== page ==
An ad for the new Jaguar i-Pace car’s hands-free mobile technology has been banned for encouraging unsafe driving.
The advertorial appeared to endorse the idea that busy professionals could use the sophisticated system to organise their day.
However, the Advertising Standards Authority (ASA) ruled this was ‘irresponsible’ as it might encourage drivers to take their eyes off the road.
The watchdog’s action comes amid mounting concern that drivers are putting lives at risk because they are using mobile phones and other technology behind the wheel.
The Daily Mail has highlighted the ‘mobile madness’ that has resulted in a number of deaths caused by drivers who were distracted by making calls and texts.
The advertorial for the Jaguar i-Pace, pictured above, appeared to endorse the idea that busy professionals could use the sophisticated system to organise their day
The advertorial, which appeared in the Guardian, described the Jaguar’s new in-car features such as wi-fi connectivity and smartphone-integrated apps.
It boasted these allow the driver to ‘organise your next meeting and stay in touch with colleagues and family on the move’.
It said: ‘For busy ei-Pacecutives, the car is increasingly becoming an extension of the work place. What was once a cocoon of time in limbo is being transformed into productive reclaimed time.’
The ad included a testimonial from Professor David Bailey, of the Aston Business School, who said ‘the connected nature of the car is invaluable’ and let him ‘use the phone via the car’, ‘use the apps through the car’ and ‘do an interview while going somewhere’.
Defending the ad, Jaguar Land Rover and the Guardian argued the advertorial did not condone or encourage unsafe driving. The car company said the hands-free features reduced the risk of distraction.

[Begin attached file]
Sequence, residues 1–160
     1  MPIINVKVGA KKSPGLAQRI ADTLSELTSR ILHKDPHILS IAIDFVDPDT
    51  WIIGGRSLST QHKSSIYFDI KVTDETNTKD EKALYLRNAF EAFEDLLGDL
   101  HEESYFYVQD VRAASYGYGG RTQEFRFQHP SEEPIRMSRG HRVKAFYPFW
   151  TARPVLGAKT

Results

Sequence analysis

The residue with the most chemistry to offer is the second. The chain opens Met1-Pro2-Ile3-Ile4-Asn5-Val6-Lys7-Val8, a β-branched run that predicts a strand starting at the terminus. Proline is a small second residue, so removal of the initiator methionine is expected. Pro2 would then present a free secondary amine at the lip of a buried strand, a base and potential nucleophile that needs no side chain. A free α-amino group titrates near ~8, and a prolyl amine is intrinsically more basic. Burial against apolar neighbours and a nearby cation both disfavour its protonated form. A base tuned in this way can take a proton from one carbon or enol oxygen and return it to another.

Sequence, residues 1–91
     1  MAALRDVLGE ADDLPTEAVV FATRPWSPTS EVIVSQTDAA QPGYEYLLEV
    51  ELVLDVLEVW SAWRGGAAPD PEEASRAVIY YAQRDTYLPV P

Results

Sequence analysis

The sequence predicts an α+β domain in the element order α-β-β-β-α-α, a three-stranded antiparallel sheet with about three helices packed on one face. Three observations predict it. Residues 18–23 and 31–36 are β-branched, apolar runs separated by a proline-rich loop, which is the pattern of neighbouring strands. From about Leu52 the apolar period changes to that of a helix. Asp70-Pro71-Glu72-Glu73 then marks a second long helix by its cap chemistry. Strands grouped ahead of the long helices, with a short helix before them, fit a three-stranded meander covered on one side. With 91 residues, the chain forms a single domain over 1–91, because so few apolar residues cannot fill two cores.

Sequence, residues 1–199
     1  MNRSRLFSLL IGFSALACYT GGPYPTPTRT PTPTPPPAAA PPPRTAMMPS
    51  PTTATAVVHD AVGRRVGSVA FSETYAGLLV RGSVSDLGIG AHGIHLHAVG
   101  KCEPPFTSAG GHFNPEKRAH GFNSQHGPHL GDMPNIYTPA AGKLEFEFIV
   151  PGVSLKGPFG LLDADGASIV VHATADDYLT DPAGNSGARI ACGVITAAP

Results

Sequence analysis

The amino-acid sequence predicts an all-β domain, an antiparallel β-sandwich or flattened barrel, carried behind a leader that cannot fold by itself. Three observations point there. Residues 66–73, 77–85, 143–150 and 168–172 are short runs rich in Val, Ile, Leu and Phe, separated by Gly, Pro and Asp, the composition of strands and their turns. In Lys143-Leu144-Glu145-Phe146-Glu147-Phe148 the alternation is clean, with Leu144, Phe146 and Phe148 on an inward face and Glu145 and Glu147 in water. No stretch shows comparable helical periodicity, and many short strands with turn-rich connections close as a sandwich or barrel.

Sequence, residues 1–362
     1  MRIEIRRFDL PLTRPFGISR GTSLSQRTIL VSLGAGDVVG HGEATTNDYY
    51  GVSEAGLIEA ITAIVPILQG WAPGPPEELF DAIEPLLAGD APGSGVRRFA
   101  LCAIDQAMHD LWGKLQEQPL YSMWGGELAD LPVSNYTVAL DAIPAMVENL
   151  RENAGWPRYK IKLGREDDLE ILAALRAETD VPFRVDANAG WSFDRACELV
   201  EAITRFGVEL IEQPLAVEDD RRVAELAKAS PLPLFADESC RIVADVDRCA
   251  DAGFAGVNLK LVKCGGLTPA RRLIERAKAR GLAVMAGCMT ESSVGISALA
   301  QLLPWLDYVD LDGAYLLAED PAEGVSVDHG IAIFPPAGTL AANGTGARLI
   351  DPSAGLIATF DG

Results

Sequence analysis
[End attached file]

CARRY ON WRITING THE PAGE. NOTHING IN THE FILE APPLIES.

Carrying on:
The ASA said it accepted that driving while using a hands-free mobile phone kit was not illegal.
The Advertising Standards Authority said it accepted that driving while using a hands-free mobile phone kit was not illegal but noted the Highway Code which states that such equipment was likely to distract drivers
However, it noted that the Highway Code stated that using hands-free equipment was likely to distract drivers and advised stopping to make or take calls, while satellite navigation systems, congestion warning systems, PCs and multi-media could also be dangerous.
The ASA said: ‘Whilst we understood that work-related activities and communicating with family could be carried out in the car via hands-free technology, we considered that they were likely to distract a driver’s attention from the road and therefore preventing them from having full control of the vehicle.
‘Therefore, we concluded that the advertorial was irresponsible because it was likely to encourage unsafe driving practices.’
It told Jaguar Land Rover that their future advertising must not encourage drivers to carry out tasks that were likely to distract their attention from the road.
The ASA’s ruling comes a week after tougher penalties for motorists using phones came into force.
New drivers face losing their licence the first time they are caught using a phone behind the wheel, while penalties and fines for offenders were doubled to six points and £200 respectively from March 1.